Thay went on to found the Order of Interbeing and the Unified Buddhist Church, and in 1982 formed the Plum Village Buddhist Center near Bordeaux in southwestern France with Sister Chan Khong. Establishing a profoundly deep legacy of teachings, writings, and public works spanning decades, Thay became a central figure in the transmission of Buddhism to the West and in marrying an authentic Zen tradition and lineage with a progressive approach to issues such as social activism, peace advocacy, science versus faith, and religion versus spirituality.
Often known as “the father of mindfulness” who sowed the seeds of the modern mindfulness movement, Thay taught many of today’s leading mindfulness teachers, and developed healing methodologies that have been incorporated into mainstream clinical psychology to treat depression, anxiety, and stress.
Thay was hospitalized in France in November 2014, following a severe brain hemorrhage. In April 2015, after months of rehabilitation, he returned to his Plum Village monastic community, where attendants from the monastery and visiting medical professionals continued to aid his recovery. In July of the same year, Thay was flown to San Francisco to undergo a more intensive rehabilitation program, and in September 2015, Thay spoke his first words since his stroke. The following January, he was allowed to return to Plum Village, where he remained under the care of the members of his community.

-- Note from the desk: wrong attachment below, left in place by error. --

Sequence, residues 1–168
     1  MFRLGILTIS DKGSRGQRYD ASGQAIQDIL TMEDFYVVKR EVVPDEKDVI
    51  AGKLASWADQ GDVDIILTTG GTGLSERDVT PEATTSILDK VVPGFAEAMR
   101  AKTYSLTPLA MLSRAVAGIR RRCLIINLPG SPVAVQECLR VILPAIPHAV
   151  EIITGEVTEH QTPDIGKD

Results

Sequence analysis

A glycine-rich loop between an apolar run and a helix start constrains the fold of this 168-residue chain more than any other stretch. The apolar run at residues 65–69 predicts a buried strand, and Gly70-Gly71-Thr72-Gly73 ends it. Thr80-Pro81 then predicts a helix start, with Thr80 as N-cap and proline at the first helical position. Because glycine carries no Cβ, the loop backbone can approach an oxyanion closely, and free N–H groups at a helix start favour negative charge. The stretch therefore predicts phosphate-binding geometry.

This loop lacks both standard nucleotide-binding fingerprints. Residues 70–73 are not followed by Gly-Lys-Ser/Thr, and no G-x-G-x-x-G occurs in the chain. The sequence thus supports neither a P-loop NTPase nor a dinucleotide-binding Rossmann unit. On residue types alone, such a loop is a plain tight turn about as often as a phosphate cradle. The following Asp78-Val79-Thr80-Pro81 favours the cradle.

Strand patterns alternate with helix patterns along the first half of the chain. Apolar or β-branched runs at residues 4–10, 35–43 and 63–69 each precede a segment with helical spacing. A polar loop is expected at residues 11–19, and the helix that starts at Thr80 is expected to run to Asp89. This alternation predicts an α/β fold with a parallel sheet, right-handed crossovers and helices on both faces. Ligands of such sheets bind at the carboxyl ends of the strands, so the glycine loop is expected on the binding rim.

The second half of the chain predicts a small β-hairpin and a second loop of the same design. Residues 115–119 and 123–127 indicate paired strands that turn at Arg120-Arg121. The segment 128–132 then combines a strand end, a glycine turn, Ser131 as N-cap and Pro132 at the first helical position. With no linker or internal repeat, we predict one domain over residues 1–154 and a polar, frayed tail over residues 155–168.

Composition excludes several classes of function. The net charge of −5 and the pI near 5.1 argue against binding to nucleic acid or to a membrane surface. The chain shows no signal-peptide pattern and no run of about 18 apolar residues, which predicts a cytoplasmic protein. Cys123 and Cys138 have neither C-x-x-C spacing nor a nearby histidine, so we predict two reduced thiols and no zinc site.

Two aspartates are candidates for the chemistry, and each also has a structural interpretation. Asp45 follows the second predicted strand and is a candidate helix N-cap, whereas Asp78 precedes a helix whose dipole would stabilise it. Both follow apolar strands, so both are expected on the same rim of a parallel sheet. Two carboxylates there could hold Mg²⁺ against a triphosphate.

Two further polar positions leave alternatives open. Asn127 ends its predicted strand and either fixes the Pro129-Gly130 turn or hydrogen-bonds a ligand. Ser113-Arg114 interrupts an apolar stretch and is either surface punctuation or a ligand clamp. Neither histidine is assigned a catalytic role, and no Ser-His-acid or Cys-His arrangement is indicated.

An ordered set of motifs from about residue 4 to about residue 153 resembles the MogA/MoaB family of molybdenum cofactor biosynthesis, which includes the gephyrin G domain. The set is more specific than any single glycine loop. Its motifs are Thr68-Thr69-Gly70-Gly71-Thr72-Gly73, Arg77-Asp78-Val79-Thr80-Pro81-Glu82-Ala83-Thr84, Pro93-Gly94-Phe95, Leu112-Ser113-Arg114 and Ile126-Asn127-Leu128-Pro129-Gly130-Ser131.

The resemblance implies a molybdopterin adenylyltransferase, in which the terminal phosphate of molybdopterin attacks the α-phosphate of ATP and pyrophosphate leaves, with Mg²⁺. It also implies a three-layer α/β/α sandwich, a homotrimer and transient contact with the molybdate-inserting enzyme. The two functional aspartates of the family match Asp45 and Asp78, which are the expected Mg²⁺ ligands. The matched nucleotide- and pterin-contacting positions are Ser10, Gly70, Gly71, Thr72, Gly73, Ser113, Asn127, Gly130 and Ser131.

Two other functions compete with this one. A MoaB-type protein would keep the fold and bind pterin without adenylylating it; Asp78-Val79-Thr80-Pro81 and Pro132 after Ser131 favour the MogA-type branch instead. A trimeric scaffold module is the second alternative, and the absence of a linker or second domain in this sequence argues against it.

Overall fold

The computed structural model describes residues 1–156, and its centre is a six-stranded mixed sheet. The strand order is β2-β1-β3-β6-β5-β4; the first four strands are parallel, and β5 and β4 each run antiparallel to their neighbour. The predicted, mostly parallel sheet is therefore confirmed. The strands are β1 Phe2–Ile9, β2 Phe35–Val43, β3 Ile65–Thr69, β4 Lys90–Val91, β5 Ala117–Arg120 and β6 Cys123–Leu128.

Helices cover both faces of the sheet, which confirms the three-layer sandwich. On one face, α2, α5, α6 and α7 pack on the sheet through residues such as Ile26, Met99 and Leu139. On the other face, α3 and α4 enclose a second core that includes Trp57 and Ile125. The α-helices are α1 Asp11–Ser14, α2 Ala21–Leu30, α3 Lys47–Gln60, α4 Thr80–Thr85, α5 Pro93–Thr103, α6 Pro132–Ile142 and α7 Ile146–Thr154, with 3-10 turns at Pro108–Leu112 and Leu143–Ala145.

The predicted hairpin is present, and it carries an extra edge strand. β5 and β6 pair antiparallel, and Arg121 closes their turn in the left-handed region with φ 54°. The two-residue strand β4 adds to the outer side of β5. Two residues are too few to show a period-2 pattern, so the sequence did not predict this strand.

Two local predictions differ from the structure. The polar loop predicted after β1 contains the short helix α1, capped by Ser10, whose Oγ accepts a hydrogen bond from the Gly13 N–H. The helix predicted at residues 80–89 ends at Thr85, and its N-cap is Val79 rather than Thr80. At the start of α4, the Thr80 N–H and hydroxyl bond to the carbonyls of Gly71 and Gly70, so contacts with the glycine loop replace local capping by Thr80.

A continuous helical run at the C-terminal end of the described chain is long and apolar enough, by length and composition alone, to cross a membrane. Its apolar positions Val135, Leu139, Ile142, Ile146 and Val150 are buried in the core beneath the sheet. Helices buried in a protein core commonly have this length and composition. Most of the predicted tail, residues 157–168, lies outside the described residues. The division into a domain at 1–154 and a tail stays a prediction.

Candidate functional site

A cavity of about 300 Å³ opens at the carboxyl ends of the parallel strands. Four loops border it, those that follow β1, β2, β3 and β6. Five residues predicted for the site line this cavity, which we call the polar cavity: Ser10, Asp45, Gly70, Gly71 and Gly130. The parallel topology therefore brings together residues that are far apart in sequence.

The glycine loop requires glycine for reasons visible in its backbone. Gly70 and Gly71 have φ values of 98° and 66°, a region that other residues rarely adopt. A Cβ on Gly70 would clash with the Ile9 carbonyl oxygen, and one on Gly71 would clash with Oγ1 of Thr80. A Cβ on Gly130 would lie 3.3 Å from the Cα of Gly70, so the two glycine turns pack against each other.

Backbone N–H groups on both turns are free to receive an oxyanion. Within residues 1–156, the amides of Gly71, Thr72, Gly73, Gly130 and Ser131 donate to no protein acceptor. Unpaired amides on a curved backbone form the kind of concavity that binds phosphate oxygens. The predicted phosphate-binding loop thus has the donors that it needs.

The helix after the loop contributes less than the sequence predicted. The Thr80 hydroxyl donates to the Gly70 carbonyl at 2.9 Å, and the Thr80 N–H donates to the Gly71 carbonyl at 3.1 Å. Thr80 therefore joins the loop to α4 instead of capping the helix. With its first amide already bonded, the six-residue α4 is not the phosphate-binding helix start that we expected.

In December 2016, two months after his 90th birthday, Thay communicated a clear and determined wish to travel from France to Thailand in order to be closer to his homeland. In August 2017, Thay made his first visit to Vietnam in more than a decade, spending several days in Da Nang before visiting his hometown in nearby Hue and paying respects at his ancestral shrine and his lineage’s root temple, Tu Hieu, of which he remained the abbot. Thay spent the remainder of his life at Tu Hieu Temple in the loving care of his closest followers until his passing on 22 January.
Memorial Schedule for Thich Nhat Hanh
Worldwide Memorial Services
Plum Village on YouTube
One of Thay’s senior monastic disciples, Brother Chan Phap Dung, recalled a powerful teaching shared by Thay before he became sick, in which he instructed his community not to build a traditional memorial stupa for his remains after his death:
“Please do not build a stupa for me. Please do not put my ashes in a vase, lock me inside and limit who I am. I know this will be difficult for some of you. If you must build a stupa though, please make sure that you put a sign on it that says, ‘I am not in here.’ In addition, you can also put another sign that says, ‘I am not out there either,’ and a third sign that says, ‘If I am anywhere, it is in your mindful breathing and in your peaceful steps.’”(Plum Village)
Thay’s work and legacy are continued by the International Plum Village Community of Engaged Buddhism, a global grassroots network comprising more than 1,000 local mindfulness groups, dozens of meditation centers, and 10 monasteries in the US, Europe, and Asia, as well as countless followers and practitioners around the globe.
Thich Nhat Hanh, 11.10.1926–22.01.2022 (Plum Village)
Thich Nhat Hanh: live blog (Plum Village)
Memorial Schedule for Thich Nhat Hanh (Plum Village)
Worldwide Memorial Services (Plum Village)
Plum Village (YouTube)
Thich Nhat Hanh memorial practice resources (Plum Village)
Thich Nhat Hanh’s full biography (Plum Village)
The essential teachings of Thich Nhat Hanh (Plum Village)
Free mindfulness app with guided meditations by Thich Nhat Hanh (Plum Village)
The Way Out is In official Plum Village podcast (Plum Village)
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Thich Nhat Hanh Returns to His Roots in Vietnam
Thich Nhat Hanh Travels to Thailand for Medical Check-up
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Thich Nhat Hanh Honored with Global Peace Prize